Talking ’bout the third generation

The UK embraced mobile telephony and rapidly evolved into ‘generation text’, but encouraging us to take up 3G with the same enthusiasm could prove a harder task

S MS text messaging was launched in 1992 in the UK, but it was not until mobile phone operators introduced cross-network text services in the mid-Nineties that SMS experienced a dramatic and – for network operators – surprising rise in popularity.

This mass-market appeal has yet to wane as 25 billion texts were sent last year in the UK, up 4.5 billion on the year before (Mobile Data Association). This is certainly the age of the text generation.

As the mobile phone market has become increasingly competitive, operators have been searching for the next trend that will take off in the same way that text messaging has. But, so far, consumers have been slow to adopt technological advances.

Data from TNS shows that while the launch of colour screens and camera phones has encouraged consumers aged between 12 to 18 years old to update their handsets more regularly, only 15 per cent of customers have actually sent photos between phones over the past three months. This implies that the real potential and value of multi-media messaging (MMS) is a long way from being realised.

Yet the mobile phone sector’s real hope for capturing consumers’ imaginations – and cash – over the next year is third-generation (3G) technology. All of the major networks, with the exception of T-Mobile (and therefore Virgin which uses its network), are now launching 3G offerings; T-Mobile is expected to follow suit later this year. But while 3G services may be available, operators still have a long way to go in educating consumers about the full benefits and uses of 3G phones and services. Until this has been achieved, it is difficult to judge how big the influence of 3G will be.

The impact of 3’s launch in 2002 should not be underestimated. Although it suffered from poor sales at first, the operator intensified its attack on the market last summer with an aggressive price-led marketing strategy. This has resulted in 3 taking a significant share of handset sales and upgrades away from other providers.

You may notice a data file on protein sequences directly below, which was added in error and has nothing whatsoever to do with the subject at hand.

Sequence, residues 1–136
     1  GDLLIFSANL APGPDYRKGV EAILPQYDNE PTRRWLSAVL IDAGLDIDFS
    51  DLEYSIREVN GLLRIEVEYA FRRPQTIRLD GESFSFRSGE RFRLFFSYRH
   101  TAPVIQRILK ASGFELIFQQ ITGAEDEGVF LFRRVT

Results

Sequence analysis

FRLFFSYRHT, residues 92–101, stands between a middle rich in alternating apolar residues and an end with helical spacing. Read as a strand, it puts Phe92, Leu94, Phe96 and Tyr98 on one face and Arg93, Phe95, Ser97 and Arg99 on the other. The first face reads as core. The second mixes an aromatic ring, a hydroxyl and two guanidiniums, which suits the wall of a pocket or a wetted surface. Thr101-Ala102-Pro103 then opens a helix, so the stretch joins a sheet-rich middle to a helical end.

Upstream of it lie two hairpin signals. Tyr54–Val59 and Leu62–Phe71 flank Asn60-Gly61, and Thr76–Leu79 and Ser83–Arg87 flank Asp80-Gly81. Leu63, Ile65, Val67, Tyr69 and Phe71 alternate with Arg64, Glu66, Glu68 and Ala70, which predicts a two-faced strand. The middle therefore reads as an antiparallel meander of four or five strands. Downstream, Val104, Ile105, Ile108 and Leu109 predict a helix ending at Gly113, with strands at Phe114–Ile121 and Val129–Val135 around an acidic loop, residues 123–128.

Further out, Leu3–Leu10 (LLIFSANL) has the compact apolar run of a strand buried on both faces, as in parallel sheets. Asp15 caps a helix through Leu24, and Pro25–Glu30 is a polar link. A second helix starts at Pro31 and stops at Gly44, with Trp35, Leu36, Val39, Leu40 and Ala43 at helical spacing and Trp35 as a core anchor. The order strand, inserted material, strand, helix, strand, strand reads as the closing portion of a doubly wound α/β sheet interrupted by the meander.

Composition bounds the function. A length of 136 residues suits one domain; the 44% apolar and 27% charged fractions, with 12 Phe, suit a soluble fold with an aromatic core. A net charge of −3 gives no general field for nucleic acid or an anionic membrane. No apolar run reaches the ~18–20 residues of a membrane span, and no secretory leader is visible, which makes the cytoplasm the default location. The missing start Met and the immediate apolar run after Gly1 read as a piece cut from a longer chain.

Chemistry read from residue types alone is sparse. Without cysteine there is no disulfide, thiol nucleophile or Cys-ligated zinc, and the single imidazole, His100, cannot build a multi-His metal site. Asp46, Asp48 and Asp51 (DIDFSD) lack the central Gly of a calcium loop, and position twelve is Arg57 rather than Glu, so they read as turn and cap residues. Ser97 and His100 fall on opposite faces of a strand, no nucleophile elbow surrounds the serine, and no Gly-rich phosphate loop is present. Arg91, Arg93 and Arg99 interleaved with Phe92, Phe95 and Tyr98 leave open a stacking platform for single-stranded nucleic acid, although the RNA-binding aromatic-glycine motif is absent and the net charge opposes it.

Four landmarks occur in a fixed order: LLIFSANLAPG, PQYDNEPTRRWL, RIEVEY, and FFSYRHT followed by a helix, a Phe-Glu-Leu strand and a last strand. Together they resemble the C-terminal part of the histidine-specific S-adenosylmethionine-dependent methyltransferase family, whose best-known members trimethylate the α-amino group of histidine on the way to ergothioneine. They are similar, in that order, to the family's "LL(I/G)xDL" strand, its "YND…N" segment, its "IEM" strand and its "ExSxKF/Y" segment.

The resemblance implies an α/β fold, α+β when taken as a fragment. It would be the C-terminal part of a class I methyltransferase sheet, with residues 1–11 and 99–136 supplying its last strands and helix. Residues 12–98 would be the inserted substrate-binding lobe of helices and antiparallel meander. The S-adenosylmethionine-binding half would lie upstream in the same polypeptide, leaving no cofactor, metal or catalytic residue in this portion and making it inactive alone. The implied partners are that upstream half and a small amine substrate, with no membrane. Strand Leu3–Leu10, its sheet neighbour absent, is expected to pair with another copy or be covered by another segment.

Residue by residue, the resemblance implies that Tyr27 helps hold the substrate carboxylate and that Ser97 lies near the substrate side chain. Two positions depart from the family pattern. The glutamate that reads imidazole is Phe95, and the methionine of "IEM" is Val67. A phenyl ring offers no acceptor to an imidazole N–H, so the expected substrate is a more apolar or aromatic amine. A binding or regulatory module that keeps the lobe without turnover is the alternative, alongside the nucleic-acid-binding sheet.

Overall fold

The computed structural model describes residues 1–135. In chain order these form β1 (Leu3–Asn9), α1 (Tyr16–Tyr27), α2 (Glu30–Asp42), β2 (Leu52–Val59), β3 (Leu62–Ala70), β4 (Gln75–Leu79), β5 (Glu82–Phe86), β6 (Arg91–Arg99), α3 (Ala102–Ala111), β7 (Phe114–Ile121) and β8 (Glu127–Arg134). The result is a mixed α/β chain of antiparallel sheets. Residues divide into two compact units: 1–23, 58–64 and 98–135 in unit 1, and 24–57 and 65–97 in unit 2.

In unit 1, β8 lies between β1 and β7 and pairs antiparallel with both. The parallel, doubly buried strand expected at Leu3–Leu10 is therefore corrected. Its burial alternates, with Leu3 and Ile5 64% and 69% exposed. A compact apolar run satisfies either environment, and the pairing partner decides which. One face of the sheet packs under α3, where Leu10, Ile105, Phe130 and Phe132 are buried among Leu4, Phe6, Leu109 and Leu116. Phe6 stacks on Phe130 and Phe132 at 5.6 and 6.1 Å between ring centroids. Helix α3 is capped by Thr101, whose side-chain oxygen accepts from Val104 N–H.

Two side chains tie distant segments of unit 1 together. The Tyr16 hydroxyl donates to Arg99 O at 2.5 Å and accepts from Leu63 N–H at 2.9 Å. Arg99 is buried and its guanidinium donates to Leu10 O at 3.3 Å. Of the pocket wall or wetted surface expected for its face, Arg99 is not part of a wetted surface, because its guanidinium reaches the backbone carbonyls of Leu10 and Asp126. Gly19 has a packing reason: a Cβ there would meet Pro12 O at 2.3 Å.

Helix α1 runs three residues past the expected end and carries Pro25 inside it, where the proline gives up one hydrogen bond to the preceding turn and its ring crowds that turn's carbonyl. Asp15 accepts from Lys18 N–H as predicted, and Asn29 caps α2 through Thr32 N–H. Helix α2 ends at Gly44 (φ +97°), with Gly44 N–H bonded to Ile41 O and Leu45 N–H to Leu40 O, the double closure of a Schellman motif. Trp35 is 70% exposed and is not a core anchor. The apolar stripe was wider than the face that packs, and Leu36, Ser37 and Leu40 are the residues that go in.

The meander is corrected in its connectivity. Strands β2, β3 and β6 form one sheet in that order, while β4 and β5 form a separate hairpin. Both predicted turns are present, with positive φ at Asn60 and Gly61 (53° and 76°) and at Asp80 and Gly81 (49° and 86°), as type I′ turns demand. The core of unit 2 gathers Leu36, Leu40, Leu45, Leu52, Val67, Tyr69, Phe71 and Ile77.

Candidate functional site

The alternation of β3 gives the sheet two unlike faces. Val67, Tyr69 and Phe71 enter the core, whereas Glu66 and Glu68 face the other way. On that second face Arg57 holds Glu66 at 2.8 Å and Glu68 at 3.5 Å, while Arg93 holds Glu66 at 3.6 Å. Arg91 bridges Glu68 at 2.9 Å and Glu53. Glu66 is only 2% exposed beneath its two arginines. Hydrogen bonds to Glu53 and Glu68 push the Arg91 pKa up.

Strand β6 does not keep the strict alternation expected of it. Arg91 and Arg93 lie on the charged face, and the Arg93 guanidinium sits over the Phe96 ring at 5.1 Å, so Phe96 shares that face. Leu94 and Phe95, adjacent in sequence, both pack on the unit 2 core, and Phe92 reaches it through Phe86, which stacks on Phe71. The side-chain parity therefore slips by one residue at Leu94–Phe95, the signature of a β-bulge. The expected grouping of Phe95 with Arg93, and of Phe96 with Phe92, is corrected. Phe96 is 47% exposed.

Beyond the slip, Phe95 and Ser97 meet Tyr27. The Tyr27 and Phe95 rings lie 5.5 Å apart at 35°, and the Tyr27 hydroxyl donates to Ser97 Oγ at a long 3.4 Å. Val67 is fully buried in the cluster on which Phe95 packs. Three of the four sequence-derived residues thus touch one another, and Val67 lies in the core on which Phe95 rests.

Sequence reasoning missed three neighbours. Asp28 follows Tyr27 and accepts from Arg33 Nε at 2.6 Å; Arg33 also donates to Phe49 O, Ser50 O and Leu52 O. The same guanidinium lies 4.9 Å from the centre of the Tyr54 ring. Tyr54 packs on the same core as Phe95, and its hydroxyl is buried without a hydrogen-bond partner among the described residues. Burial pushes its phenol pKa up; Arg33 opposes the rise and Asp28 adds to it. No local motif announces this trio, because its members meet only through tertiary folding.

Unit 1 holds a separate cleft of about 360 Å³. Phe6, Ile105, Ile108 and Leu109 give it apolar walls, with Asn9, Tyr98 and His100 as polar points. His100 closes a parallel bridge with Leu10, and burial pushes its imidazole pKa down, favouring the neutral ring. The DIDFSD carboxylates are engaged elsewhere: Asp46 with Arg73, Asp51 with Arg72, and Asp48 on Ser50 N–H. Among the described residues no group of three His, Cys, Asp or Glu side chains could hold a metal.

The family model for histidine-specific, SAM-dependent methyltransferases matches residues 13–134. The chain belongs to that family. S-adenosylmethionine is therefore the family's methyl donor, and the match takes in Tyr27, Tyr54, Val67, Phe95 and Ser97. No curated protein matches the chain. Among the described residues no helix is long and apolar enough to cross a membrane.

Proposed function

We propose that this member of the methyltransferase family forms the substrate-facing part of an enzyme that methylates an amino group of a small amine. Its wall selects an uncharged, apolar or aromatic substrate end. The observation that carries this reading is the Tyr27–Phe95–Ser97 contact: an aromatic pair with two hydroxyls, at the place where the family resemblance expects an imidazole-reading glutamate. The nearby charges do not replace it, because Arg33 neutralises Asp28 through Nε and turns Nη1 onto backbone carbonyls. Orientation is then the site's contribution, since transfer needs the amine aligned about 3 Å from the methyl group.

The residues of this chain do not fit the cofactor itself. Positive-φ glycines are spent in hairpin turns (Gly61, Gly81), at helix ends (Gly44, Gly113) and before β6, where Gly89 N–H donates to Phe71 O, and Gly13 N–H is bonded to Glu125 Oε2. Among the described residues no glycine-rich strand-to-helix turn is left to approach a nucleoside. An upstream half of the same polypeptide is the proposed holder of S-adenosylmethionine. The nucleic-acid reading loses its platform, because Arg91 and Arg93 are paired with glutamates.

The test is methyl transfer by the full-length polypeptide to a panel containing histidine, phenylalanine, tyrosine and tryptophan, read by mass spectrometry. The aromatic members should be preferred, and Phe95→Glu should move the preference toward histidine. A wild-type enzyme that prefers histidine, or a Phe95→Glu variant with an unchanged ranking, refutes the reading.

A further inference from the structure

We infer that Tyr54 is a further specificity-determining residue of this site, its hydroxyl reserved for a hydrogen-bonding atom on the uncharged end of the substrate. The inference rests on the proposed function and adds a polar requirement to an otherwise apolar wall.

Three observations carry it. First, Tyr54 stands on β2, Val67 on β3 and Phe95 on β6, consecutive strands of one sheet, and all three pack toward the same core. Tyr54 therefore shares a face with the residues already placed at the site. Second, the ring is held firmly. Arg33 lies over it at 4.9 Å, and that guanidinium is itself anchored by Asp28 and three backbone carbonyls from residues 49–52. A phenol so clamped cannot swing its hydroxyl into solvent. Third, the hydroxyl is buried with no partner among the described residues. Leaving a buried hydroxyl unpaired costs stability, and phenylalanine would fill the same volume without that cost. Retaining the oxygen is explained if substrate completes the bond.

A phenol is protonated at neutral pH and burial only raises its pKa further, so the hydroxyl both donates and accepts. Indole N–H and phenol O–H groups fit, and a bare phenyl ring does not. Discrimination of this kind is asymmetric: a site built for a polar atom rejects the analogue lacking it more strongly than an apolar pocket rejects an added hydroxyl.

TNS figures show that in December 2003, 3 accounted for just 0.8 per cent of sales, by December 2004, this had shot up to 20.3 per cent. T-Mobile, on the other hand, accounted for 20.5 per cent of market share in December 2003, but this had fallen sharply to 14.3 per cent by December 2004.

The take-up of 3G services is not the only major hurdle to mass-market adoption. The larger handsets of 3G-enabled mobiles pose a problem in a sector increasingly driven by consumer desire for smaller, contemporary, handsets. This trend began with phones such as the Motorola v.dot and the Nokia 8210 and continues with Samsung D500, Nokia 7280 and Motorazr V3.

Currently, 3G devices are not able to compete competitively for this sector of the market, and therefore struggle to attract those customers whose primary concern is the look and feel of their mobile phone, as opposed to its functionality. Mobile phone manufacturers and operators need to develop sleeker, more attractive devices to help 3G to develop among younger and fashion-conscious consumers.

The key for mobile telecoms marketers must be to find the right positioning for the right consumer. Nokia, for instance, experienced a significant slump in sales from 46 per cent in the 12 weeks to December 2003, to 32 per cent for the same period last year. This was in part due to its failure to spot consumer demand for clamshell handsets.

There are vast differences in requirements for various sectors of the population and mobile telecoms providers must analyse and understand the needs of each customer group to maximise potential loyalty and revenue.

The 19- to 24-year-old age group, for instance, spends more on mobile phones than any other age group, paying on average &£47.53 each month (according to TNS TelecomTrak data for the year to December 5, 2004). This group is happy to be tied to a contract, rather than use pay-as-you-go packages. This engenders stronger commitment, reduced churn and ultimately higher revenues for providers.

Furthermore, this consumer group is cash-rich, fashion conscious and interested in the latest technology, and as such is the perfect target market to foster as early adopters of 3G services.

However, alongside developments in 3G mobile technology, there are increasing opportunities for simple, voice-based services for older consumers. The growing demand for such services is an area that easyMobile, which launches later this month, plans to cater for.

While the over-55s may spend relatively little on mobile telecoms, they spend much more on their landline, contributing to over 35 per cent of total fixed-line revenue. A clear, attractive and, most importantly, simple combined home and mobile package could be a potentially lucrative revenue stream for mobile operators.

Irrespective of consumers’ age, operators must give them what they want, rather than what operators want to provide. The operators that find out what customers really want out of 3G, as well as what they are willing to pay for, should lead the charge in the next phase of development in the mobile market.

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